Misinformation, vitriol, body dysmorphia…all proven results of prolonged social media use. Just because Gen Z grew up in an era of portable handheld technology doesn’t mean that they’re going to choose digital lives. While the effects of growing up inundated by social media and advertising are still largely unknown, based on the mental health issues we’re seeing with next gens so far, prospects for a utopic, technology-based future aren’t looking good.
Generation Z consumers have a long history of putting changes into action that their predecessors only dreamed of. While some next gens are heeding the call of the metaverse and moving towards digitally based living, another group is going towards the other extreme –– abandoning their cell phones and social media to reconnect with nature and themselves. A growing group of self-proclaimed Gen Z “luddites” and an international group of teen activists aren’t taking the digitization of human life lying down.
Is this a fleeting trend for next gens rooted in nostalgia for an era they’ve never experienced, or the first step in an entire generation’s return to reality? Let’s take a look.
Gen Z Is Nostalgic for a Youth They Never Had
A few years ago, millennial nostalgia was the topic du jour. The influence of the early aughts was visible everywhere, from leather jackets with Rugrats characters embellishments to Urban Outfitters peddling Caboodles and flash cameras. The retail industry had never before seen the level of Peter Pan-ism that my generation demonstrated with our wallet share. But there’s a reason they call Gen Z “millennials on steroids”–– these kids know how to take a trope and run with it.
Gen Z is also nostalgic for youth, albeit for a technologically minimalist millennial youth they never experienced. Don’t believe me? Refinery29 recently released an article titled “I’m 23 and Nostalgic for the Fictional Millennial Experience.” This goes a lot deeper than an affinity for low rise jeans and avocado toast. Gen Z sees millennial’s heyday as a “simpler time.” While at first, this may seem laughable, when you break down the reasons behind this perspective it’s actually a bit tragic.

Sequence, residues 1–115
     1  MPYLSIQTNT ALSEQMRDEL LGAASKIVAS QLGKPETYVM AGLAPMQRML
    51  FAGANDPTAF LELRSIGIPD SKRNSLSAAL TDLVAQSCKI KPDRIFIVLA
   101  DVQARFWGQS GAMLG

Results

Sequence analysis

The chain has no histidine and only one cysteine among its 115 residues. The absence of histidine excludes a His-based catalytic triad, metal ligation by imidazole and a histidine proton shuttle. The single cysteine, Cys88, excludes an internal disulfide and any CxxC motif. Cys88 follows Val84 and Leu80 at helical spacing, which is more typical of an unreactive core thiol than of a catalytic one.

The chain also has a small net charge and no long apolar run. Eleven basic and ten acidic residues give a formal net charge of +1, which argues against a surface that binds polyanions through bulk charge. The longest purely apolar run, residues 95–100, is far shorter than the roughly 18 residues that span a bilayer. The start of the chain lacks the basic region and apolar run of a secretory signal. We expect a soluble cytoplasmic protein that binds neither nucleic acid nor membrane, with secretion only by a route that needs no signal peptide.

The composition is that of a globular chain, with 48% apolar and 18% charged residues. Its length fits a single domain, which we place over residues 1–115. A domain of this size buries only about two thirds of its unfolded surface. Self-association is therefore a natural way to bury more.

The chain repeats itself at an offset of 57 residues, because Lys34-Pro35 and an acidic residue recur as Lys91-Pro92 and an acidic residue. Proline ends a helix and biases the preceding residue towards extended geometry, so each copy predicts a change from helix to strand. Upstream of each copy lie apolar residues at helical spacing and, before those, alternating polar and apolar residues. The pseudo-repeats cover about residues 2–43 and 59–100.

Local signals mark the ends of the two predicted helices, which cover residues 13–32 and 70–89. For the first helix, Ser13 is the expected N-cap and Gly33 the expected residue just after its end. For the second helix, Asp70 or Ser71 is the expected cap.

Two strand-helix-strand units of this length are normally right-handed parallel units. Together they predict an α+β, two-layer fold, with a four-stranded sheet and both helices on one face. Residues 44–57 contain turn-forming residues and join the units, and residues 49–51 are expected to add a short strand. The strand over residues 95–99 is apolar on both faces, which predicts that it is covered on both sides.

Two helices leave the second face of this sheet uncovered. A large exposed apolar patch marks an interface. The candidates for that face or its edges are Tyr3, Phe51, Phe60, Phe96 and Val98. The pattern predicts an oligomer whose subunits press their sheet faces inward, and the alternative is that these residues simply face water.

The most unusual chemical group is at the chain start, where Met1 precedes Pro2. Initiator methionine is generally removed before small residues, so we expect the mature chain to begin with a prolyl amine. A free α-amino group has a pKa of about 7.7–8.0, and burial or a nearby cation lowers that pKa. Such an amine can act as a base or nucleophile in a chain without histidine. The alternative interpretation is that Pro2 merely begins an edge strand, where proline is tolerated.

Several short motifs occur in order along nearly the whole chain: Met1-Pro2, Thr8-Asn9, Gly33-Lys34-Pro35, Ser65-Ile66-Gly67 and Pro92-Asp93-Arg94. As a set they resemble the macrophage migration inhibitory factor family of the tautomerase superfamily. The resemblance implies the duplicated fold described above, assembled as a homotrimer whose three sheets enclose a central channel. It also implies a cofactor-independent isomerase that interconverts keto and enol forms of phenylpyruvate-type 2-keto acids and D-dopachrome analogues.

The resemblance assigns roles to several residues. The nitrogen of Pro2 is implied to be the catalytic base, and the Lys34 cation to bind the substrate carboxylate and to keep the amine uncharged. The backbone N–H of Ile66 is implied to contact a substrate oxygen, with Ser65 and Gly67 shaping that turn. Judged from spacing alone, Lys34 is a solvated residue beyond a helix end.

Consider the next gen reality. The average Gen Z-er reportedly spends four or more hours on social media every day. The pandemic exacerbated this trend. Today, many Gen Z-ers are trying to become influencers on top of their daily schoolwork and extracurriculars. Hurricanes have been ravaging the nation and global warming will reach a “tipping point” in just a few years. Many members of Gen Z spent school years that were critical for their personal, intellectual, and social development in lockdown. Unlike millennials, who got to have our Dawson Creek, low rise jeans moment during our high school years. In light of this, it makes sense that Gen Z sees millennial childhoods as more wholesome and natural than what they’ve had to experience. But that doesn’t mean they don’t also have to worry about finances… quite the contrary. Student debt is at an all-time high. For this generation, the demands just don’t quit. But nobody asked Gen Z if a digital life was the world they wanted. For many, the answer is a resounding “no,” and they’re starting to take action.